When conductor Teddy Abrams was introduced at last evening’s Chautauqua Symphony Orchestra concert, there was a moment’s hesitation before the tentative applause. Perhaps the audience in the half-full Amphitheater thought the diminutive bespectacled guy in the black jeans and black T-shirt was a stagehand. Or Steve Jobs.
But the tousle-haired native of Oakland, California, is the music director of the Louisville Orchestra, an ensemble with an unparalleled legacy of advocacy of American composers. That’s material, because Abrams and the CSO played an all-American program of music by John Williams, Edgar Meyer, Aaron Copland and Abrams himself.
It’s charming to think that the conductor might have been in the theater watching the film for which John Williams wrote the music that opened the concert: “The Cowboys.” He probably watched it on VHS; the conductor wasn’t born until 15 years after the film’s 1972 release.
The concert overture fashioned from that score is Williams at his most Copland-esque, drawing heavily from the elder composer’s “Rodeo” and “Billy the Kid” ballet scores. Abrams kicked it off at a full gallop with the CSO making an appropriately big sound, but it wasn’t all high-stepping. The night-on-the-range middle section was caressed lovingly, all the more to contrast the return of the rootin’-tootin’ main theme where the brass rang out nobly, the strings sang a prairie song and the action unfolded in big-screen technicolor.
Up next was the conductor’s own “Fiddling,” a slight but ingratiating workout for strings inspired by the bluegrass music of Kentucky. It was four minutes of perpetual motion for strings, driven by Abrams’ clear and emphatic beat, delivered with big, swinging arcs of his arms.
The demotic elements of “Fiddling” were also in Edgar Meyer’s 1993 Concerto in D, which is less a concerto than a series of solos with added orchestral accents or interludes. Those episodes are fairly minimal, both in length and volume, probably out of necessity. Even though Meyer, the only soloist permitted to play the work, was amplified on this occasion (and perhaps a bit too much), the bass is an instrument that doesn’t speak loudly.
The work opened with Meyer bowing a sly, bluesy riff that wanders off into harmonically shifting territory with wispy accompanying figures that might have been inspired by those in Rodrigo’s concertos for guitar, another soft-spoken instrument. That unfolded with little rhythmic variation until the blues arrived to end the movement. The second movement ambled the Tobacco Road of a vaguely Appalachian melody before turning onto the Silk Road of the exaggerated portamento used by Indian violinists (not that easy to do on the big fiddle). The concerto concluded with a barn dance propelled by Meyer’s double-stopped bowing. Here again, Copland’s influence was heard in the irregular rhythms to which the vernacular melodies, calling for Meyer’s fanciest fingerwork of the night, were set.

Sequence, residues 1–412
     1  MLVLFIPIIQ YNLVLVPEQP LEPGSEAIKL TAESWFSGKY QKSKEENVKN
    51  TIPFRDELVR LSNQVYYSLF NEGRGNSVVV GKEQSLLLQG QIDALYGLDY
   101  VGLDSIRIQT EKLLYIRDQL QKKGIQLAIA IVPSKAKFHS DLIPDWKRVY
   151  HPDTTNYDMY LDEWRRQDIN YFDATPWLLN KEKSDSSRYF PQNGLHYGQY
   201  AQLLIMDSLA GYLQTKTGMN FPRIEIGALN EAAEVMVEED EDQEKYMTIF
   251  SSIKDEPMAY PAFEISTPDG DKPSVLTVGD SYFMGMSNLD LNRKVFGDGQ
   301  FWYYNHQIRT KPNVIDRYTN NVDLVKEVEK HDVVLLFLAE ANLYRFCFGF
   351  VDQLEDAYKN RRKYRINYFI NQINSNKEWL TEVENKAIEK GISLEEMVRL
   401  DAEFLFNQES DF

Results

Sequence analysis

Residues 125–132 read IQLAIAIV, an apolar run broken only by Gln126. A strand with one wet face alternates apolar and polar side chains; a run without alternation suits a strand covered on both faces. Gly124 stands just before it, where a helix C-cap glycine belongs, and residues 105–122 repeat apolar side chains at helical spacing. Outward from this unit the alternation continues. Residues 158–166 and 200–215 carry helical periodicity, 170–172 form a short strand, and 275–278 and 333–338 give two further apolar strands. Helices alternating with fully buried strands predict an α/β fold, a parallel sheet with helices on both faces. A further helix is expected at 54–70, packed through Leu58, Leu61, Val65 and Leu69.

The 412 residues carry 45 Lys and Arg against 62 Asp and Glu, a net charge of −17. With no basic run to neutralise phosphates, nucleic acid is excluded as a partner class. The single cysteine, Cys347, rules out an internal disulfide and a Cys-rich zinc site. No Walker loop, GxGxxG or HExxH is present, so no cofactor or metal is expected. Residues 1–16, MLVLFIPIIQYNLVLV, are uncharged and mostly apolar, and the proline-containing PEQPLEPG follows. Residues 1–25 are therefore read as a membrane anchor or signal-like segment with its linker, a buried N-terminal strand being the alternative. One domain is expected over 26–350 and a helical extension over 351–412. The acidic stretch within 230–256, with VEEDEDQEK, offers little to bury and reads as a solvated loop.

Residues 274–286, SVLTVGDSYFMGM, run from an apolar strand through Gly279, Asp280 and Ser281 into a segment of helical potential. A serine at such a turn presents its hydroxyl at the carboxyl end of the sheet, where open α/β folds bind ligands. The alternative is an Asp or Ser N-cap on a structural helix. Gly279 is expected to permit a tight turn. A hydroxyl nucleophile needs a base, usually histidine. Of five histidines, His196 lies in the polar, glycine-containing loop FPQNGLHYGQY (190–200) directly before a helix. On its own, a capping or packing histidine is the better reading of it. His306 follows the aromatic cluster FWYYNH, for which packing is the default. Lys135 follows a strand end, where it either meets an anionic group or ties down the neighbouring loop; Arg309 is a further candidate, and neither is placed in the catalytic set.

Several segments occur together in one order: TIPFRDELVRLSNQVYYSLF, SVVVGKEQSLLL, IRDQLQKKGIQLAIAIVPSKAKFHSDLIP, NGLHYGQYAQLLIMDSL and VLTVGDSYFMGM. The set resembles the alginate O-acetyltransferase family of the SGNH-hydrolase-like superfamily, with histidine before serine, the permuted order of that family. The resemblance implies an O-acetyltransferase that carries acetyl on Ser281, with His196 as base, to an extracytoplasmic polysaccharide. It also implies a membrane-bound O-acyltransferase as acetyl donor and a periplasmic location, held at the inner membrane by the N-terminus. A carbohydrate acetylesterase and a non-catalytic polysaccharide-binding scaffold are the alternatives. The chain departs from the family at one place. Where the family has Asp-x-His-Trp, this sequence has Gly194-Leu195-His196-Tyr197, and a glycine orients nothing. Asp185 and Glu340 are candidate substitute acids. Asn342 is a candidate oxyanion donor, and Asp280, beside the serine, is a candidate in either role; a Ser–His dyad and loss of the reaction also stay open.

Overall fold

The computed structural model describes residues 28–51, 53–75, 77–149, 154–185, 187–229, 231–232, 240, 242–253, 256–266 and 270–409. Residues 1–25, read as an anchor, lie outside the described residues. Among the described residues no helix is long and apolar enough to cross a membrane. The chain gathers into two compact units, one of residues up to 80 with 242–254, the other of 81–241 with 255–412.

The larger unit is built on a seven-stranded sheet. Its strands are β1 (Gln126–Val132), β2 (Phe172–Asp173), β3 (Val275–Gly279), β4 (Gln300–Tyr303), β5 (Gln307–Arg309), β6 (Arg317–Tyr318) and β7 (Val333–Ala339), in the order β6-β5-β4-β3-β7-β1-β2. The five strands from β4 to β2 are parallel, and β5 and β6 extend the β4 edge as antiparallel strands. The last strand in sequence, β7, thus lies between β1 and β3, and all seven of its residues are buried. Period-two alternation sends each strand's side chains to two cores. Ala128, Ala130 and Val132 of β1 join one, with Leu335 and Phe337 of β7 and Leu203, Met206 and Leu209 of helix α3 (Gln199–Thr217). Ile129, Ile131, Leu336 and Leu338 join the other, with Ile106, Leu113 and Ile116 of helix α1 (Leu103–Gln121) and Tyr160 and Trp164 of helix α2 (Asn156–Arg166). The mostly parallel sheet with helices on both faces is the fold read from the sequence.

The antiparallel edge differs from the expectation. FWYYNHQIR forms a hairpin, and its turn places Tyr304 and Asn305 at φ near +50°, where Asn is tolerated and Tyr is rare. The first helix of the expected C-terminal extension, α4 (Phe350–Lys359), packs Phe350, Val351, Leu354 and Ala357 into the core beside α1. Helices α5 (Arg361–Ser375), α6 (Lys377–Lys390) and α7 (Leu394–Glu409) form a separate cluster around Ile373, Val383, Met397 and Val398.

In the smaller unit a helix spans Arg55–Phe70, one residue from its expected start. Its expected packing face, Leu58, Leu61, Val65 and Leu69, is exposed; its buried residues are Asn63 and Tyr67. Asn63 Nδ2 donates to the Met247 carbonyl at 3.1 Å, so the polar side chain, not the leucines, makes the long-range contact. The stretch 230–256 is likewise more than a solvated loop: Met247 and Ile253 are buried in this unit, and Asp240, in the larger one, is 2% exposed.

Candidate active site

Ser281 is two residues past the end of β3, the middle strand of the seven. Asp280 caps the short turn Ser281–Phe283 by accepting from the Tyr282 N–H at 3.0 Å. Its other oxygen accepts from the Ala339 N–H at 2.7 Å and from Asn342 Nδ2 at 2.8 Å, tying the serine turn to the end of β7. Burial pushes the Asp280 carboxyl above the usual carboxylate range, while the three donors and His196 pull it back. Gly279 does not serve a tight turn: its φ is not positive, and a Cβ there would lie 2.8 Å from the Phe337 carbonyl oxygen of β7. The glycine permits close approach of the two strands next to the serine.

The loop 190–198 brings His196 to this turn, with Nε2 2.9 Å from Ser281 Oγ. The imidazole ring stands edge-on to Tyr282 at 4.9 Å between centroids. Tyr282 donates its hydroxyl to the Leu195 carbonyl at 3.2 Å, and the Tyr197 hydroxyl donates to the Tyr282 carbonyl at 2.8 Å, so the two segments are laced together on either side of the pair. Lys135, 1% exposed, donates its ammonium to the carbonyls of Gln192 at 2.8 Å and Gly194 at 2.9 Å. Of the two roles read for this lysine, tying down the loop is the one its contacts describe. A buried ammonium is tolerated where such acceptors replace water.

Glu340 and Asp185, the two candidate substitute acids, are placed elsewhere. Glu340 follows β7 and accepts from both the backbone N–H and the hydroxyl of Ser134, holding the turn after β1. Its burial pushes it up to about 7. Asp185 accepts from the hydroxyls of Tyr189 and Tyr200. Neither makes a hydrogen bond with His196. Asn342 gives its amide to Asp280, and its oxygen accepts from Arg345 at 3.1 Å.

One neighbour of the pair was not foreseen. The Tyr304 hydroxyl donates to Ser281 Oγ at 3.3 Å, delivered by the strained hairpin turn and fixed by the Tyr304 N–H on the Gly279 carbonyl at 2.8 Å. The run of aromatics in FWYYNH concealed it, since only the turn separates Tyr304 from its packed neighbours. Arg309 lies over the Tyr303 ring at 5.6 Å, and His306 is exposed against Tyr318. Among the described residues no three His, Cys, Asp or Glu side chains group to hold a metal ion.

The night was hot and very humid, and Meyer seemed bothered by the conditions, which are hard on string players. After bowing the last note, he immediately moved to the podium. I don’t read lips, but I imagine he told Abrams, “Wow, glad I made it through that.” The audience rewarded his exertions with an ovation almost as warm as the midsummer air, and multiple curtain calls.
The big work, Aaron Copland’s Symphony No. 3 of 1946, came highly anticipated considering Abrams’ lineage. He studied with the composer’s foremost living interpreter, Michael Tilson Thomas, who himself was a protégé of the peerless Leonard Bernstein, an early associate of the composer’s and a champion of the symphony.
Abrams started in fine style, building the great arch of the opening movement from granitic blocks of orchestral sonority. This is Copland in his most heroic mode and Abrams conducted with grand, sometimes relentless sweep, evoking Shostakovich, of all composers, in this most American of music.
In the Allegro molto second movement, Abrams drove the music purposefully, but not all of Copland’s slashing cross-rhythms were cleanly handled. The big moments — and there were a lot of them — rang out impressively.
Another unlikely composer, Gustav Mahler, was evoked in the stark string threnody that began the Andantino quasi allegretto. Even the vigorous middle portion, so reminiscent of Copland’s “Appalachian Spring,” was sometimes shot through with the eerie Alpine melancholy of Mahler’s “Wunderhorn” songs.
Out of this pastoral calm arose the famous melody of the composer’s “Fanfare for the Common Man,” here given to the winds. If there was a whiff of Old World gloom, it was blown away when the fanfare rang out in its familiar form in the brass. Once again, some of the woodwind lines in the contrapuntal variations on the fanfare weren’t clearly articulated in the winds, but the muscular climax was brought home with tremendous force.
It was a stirring, but not subtle performance, perhaps lacking the ultimate mastery of tension and release that other conductors bring to this music.
But give the kid time. He’s only 29.
John Chacona is a freelance writer and producer in Erie, Pennsylvania, who writes about culture for the Erie Times-News. Follow him on Twitter, @JohnChacona.